Summer flowers, winter flowers, fall berries and the foliage in between bring endless photographic opportunities. With flowers, we are quick to pull out our macro and close range lenses. Instead of switching your lenses back to a macro, leave that lens on the next time you're planning to do flower photography!
We'll explore flower and foliage images taken with telephoto lenses along with a few considerations to bring out your subject. These include:
- Distance – subject & background
- Subject isolation
- Depth of field
- Weather elements
Distance is a critical element in separating the subject from the background with a telephoto. This is accomplished by 1) minimizing the distance between the camera and subject and 2) maximizing distance between the subject and the background.
The cannonball flower below was taken with a 150-600mm Tamron. I was fairly close to the flower. The trees and deep green foliage from the thicket in the distance is softened in the background.
2. Image Isolation
A telephoto lens isolates and separates your subject.
The bright magenta flower was moving slightly in the Texas breeze. The garden's bright green foliage in the background contrasted with the rich magenta. The combination of the shallow depth of field, backlighting and overall bright conditions allowed the flexibility of shooting hand-held with my Nikon 70-200mm with a 1.4III teleconverter.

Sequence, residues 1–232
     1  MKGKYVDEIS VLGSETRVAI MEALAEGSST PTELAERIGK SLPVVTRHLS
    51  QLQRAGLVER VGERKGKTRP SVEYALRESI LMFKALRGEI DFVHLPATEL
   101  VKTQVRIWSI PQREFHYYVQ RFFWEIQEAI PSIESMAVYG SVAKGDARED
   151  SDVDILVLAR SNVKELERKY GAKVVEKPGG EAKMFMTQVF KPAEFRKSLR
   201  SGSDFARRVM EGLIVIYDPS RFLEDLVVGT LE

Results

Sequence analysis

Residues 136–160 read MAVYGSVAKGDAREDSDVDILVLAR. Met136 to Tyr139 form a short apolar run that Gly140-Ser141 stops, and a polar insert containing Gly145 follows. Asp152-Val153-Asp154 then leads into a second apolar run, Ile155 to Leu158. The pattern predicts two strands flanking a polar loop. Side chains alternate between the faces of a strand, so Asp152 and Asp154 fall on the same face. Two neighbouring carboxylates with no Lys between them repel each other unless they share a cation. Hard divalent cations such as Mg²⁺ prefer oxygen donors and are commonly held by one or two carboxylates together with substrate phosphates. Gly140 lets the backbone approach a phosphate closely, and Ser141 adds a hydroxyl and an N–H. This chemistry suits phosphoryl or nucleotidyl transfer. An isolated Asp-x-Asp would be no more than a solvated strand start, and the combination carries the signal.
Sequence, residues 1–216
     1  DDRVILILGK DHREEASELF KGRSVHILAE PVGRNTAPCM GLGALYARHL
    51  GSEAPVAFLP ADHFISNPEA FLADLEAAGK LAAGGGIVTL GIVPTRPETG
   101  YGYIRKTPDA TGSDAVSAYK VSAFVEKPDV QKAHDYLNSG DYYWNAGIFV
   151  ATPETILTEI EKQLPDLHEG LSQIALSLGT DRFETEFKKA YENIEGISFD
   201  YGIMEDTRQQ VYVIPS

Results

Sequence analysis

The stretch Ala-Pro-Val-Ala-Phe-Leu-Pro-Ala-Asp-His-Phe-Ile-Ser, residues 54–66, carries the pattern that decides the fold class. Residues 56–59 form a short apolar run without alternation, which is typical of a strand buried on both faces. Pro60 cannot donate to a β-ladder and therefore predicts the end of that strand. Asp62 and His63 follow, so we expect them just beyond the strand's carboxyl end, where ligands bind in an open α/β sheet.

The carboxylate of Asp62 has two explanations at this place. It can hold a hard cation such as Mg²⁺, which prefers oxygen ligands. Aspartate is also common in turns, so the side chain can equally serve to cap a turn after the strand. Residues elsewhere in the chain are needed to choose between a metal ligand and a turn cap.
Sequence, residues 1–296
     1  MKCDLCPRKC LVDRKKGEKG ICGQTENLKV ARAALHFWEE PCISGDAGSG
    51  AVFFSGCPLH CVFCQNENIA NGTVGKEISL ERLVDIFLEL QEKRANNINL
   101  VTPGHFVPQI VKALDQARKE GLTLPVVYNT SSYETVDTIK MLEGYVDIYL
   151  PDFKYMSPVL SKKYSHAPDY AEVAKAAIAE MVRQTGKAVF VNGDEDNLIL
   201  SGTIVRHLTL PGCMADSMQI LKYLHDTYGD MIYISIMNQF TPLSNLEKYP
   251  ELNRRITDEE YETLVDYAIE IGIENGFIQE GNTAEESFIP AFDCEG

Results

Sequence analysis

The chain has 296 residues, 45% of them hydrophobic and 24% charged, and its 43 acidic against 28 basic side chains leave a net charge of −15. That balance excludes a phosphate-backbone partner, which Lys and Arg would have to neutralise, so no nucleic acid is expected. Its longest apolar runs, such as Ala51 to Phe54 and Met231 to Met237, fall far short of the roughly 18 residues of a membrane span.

3. Depth of Field
When photographing flowers with a telephoto, shooting with a big aperture (low f/stop number) creates separation. Different f/stops will also produce different results depending on the size of the subject and surrounding area. The columbine flowers below were taken with a 70-200 2.8 with a 1.4III teleconverter. They were taken at a distance from the camera and the background was close to the subject.
The shallow depth of field was combined with the subject being close to the background versus the camera. As a result, the background's details were more visible than the example in #1 above.
Rain and moisture brings saturated colors and water droplets. Wind creates soft blurs. Snow and winter conditions bring frost covered leaves.
Take advantage of what nature provides with telephoto lenses in addition to your close up lenses.
Some More Resources on Flower Photography
- 7 Guidelines for Better Flower Photography
- How to Set Up a Lighting Studio for Macro Flower Photography
- How to Take Incredible Photographs of Flowers
- 5 Top Tips For Photographing Flowers and Gardens